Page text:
After 23 weeks, 23 tablets to prevent malaria, more than 160 days where it has not missed rice, tuna and coconut. After 5 flights to come and 4 to take off. After making the jump to more than 17,000 kilometers away. After about 80 hours by boat which allowed me to step 4 of the country’s provinces. After 8 trails that have highlighted the natural value of the islands. After 2 visits to the hospital (one as a patient and another as a companion), an unexpected farewell in a day not expected. After being a guest in 3 birthdays, wedding, beach barbecues and family meetings. After some power outages and living disconnected for days. After 2 daily buses and more than 2 kilometers on foot. After receiving a greeting from everyone who crossed me on my way to the office. After the tasks were repeated every week, buying in the market or do laundry. After traveling with 2 backpacks that have lived in two different houses, in which the main difference was who inhabited them, after moving house and a family you’re one more from the start. After spending a can of spray every 10 days or to make over 4000 photos. After seeing blonde and black people walking barefoot through the streets of the city. After countless changes of plans and check that the phrase “expect the unexpected” is increasingly successful. After many anecdotes and memories. After having the feeling that nothing has happened, but it’s been all, or feel that time has flown, but you remember the first week as if it had been a year ago. After all that and much more, I’m in the last days of this experience in the Islands, an adventure that, of course, it is impossible to go unnoticed and leave you indifferent.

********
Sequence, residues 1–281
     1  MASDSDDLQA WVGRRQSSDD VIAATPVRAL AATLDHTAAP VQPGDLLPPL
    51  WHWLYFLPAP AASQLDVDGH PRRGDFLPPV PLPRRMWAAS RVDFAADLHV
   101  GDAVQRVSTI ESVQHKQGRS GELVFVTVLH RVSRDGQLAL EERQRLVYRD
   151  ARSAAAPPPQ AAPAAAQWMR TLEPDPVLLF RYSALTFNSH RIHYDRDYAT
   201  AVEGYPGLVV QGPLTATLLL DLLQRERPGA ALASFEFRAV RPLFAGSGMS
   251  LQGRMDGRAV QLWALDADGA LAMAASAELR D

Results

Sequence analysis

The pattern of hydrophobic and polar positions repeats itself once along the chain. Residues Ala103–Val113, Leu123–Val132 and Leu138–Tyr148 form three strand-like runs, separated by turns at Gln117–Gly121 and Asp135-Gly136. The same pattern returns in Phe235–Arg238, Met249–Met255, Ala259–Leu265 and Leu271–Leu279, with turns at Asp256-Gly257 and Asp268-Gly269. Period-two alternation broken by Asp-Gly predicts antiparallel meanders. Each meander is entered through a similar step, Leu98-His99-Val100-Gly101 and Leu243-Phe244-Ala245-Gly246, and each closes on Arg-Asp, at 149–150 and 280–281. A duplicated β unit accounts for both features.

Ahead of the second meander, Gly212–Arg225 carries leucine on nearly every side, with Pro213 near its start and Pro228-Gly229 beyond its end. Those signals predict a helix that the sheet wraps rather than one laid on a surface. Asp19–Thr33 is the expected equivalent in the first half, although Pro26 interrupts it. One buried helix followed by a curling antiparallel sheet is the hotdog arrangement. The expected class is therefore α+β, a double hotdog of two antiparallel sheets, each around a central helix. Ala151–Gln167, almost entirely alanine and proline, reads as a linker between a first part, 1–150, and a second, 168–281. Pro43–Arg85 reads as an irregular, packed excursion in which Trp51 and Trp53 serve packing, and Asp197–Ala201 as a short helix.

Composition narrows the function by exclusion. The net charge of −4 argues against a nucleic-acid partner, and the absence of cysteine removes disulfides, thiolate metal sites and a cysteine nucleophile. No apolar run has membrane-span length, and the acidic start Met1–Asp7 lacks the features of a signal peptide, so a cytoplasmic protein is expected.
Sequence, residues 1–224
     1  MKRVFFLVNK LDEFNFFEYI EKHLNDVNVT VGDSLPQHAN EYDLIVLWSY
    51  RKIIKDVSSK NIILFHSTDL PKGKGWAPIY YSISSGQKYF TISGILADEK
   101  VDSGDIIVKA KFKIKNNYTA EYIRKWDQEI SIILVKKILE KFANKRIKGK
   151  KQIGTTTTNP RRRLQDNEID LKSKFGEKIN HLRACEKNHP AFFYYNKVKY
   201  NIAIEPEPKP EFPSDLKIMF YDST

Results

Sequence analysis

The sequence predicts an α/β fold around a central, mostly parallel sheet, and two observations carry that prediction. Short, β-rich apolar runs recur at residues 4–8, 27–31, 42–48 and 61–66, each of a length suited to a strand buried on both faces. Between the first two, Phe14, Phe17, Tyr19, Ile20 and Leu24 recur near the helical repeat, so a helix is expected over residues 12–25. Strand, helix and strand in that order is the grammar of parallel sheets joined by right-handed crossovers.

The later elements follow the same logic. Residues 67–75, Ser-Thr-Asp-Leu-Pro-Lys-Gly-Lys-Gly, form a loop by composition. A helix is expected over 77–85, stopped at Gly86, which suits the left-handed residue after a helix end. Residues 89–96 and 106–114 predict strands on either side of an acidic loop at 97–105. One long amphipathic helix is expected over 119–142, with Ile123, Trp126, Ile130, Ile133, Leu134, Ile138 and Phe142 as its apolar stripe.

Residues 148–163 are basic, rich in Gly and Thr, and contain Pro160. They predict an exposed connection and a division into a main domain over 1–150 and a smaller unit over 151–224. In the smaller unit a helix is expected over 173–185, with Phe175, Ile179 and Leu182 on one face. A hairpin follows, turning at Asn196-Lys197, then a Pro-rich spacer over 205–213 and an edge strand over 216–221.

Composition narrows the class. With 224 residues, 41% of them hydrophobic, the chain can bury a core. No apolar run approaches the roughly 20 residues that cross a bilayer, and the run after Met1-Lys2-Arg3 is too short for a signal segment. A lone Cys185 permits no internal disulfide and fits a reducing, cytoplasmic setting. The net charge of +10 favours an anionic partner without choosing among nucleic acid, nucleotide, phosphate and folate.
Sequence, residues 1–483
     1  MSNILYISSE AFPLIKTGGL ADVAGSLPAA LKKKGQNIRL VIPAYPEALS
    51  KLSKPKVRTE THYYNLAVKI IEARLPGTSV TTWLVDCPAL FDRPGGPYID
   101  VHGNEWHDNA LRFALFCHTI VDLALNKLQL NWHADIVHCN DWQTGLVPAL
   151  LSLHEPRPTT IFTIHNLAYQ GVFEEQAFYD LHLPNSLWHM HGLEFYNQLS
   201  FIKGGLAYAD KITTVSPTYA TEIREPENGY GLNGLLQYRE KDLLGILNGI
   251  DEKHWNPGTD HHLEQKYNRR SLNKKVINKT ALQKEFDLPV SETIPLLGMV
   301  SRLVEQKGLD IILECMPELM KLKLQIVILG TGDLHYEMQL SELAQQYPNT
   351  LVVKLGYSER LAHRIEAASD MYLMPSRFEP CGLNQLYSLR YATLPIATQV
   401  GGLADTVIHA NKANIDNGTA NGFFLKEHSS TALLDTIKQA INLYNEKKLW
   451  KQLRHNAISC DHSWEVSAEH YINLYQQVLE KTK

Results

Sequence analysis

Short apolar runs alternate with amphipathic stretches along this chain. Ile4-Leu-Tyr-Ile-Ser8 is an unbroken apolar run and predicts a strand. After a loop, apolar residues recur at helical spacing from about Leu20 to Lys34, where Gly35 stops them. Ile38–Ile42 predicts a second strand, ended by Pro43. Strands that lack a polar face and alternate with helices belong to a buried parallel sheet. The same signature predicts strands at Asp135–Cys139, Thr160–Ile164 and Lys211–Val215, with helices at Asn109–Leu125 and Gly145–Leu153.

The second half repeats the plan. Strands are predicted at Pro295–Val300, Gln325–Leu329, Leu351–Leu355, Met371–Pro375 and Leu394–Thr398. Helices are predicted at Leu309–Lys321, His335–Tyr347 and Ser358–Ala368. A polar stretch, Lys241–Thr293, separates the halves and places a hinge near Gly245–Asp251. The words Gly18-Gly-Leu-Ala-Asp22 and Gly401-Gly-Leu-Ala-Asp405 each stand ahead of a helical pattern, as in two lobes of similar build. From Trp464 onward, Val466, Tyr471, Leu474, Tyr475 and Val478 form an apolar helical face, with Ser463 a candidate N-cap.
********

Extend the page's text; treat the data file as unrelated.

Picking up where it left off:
And the time to go back arrives, but you walk forward, to return to that place where the clock strikes 10 hours less, to change an island on the other with 4 seasons, replacing rice and tuna by potatoes and bread, to change the curry by “mojo picón”. time to go back to that other world, beyond the differences, also shares that islander feeling.